“People from that region don’t necessarily trust the government. They don’t want to be fucked with. They want to be left alone. They have a pretty goddamn good bullshit detector. When we were there, they absolutely didn’t want to be lied to, and this resonating feeling of freedom, faith — and the firearms to protect those two things — came back again and again. So that’s what we’re doing. And we’re applying that to the Far Cry series.”
Press briefings like the one I attended in Los Angeles last week are usually pretty quiet affairs. There’s a slideshow, some samples of gameplay and, if you’re lucky, a little hands-on time with a demo. But I have never witnessed such a sober, somber, serious presentation about a video game as the one that Ubisoft gave in that room.
In fact, I’m not even allowed to share all of it with you.
“This is not theatrics,” cautioned Ubisoft associate public relations director Stone Chin. “There are actually real-world consequences that are involved” in sharing some of the stories that we in the press were told on background.
So I will tell you what I can.
You will be judged
“We weren’t sure that it was ready, that we were ready,” Hay said. “But since then, a lot has happened. The United States is vastly different than it was four years, five years ago.”
For the first time since the Cold War, Hay said, this country knows fear.
“When I was a kid,” he began, “what I remember very clearly is that these two titans up above, the Soviet Union and the United States, were embroiled in this battle. It left an indelible mark on me.”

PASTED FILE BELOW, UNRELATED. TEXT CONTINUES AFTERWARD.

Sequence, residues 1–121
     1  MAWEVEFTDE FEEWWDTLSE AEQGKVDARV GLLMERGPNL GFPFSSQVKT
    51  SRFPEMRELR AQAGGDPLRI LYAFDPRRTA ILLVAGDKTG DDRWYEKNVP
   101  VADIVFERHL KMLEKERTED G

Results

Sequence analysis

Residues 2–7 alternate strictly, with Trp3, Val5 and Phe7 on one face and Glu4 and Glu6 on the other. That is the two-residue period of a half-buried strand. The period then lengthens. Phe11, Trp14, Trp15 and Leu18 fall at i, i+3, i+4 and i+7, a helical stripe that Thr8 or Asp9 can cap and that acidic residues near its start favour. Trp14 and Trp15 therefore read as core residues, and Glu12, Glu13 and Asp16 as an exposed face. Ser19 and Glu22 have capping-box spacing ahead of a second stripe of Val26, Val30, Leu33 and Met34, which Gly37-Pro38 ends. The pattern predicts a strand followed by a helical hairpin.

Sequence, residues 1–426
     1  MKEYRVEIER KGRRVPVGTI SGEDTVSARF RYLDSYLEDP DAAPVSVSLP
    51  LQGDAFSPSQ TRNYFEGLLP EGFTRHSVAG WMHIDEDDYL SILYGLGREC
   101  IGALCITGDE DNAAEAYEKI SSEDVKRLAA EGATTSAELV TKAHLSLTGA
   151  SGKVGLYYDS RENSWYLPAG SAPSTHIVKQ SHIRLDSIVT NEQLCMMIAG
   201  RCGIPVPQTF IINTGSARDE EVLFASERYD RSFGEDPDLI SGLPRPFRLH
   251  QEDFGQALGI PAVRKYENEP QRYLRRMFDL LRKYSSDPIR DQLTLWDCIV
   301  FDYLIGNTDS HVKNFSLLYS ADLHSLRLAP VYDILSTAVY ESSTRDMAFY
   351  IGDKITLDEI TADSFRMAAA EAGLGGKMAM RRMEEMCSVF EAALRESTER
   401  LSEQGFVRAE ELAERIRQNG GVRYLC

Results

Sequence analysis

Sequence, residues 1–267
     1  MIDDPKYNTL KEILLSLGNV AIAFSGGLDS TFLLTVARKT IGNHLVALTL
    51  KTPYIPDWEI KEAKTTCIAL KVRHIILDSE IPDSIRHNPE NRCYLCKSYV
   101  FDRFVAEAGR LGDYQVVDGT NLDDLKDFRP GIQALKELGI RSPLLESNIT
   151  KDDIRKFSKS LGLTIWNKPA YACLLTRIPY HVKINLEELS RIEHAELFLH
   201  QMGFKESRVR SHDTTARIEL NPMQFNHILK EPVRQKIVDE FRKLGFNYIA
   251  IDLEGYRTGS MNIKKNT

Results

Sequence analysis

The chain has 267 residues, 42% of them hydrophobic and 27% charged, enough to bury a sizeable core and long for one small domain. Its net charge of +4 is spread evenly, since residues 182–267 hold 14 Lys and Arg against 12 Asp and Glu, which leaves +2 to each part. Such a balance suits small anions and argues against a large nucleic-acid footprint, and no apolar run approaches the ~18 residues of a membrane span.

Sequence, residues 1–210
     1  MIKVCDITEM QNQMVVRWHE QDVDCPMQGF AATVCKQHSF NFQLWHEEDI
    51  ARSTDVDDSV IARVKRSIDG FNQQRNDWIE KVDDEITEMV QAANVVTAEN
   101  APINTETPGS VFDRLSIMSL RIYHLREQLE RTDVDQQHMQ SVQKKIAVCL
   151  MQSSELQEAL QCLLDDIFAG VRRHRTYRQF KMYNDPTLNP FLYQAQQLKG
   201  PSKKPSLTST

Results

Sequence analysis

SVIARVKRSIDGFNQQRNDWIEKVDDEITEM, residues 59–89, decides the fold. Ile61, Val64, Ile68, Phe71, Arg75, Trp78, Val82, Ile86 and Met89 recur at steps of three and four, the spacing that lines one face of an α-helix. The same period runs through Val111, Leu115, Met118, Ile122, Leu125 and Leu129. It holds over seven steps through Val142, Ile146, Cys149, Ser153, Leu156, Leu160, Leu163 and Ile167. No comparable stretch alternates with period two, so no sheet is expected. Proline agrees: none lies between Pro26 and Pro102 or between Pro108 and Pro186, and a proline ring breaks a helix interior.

In particular, Hay called out a TV movie named The Day After, a dramatic interpretation of nuclear armageddon. In it, cornfields and small towns across America erupt as outgoing intercontinental ballistic missiles leap from their hidden silos. Fifteen minutes later, Russian missiles rain back down, killing millions.
At the time, it was one of the most-watched television programs in history.
“It scared the shit out of me as a kid,” he said. “I just remember that fear, this feeling like everything was not OK and that I had no power over it.”
When the Berlin Wall fell, that feeling subsided — only to return, Hay said, with the Sept. 11 attacks.
“After that, I started to look at things that were happening in 2008, 2009. I was looking at the subprime mortgage collapse and the feeling of people in the world — and specifically in America — looking at their government and going, ‘Where the fuck is the government? Where are you guys? How are you protecting our legacy? How are you protecting our home? Who is driving this? Who has got their hands on the wheel?’”
Now it’s more than just an American feeling, Hay said. It’s all around the world, including among a continent still reeling from Britain’s decision to “Brexit” from the European Union.
“Gone is the language of the ‘global village,’” Hay said. “Now we’re starting to hear words like ‘us’ and ‘them.’ I was talking to the team about that, and they said, ‘Well, yeah. But we’re not seeing proof of that. We’re not seeing that in the world.’”
And then in January 2016, a group of armed extremists occupied the headquarters of the Malheur National Wildlife Refuge in Oregon. Leading them was Ammon Bundy, a man who had previously organized another standoff with government officials at his father’s ranch in Nevada. Surrounding him were armed men and women claiming to be affiliated with militias and other anti-government groups.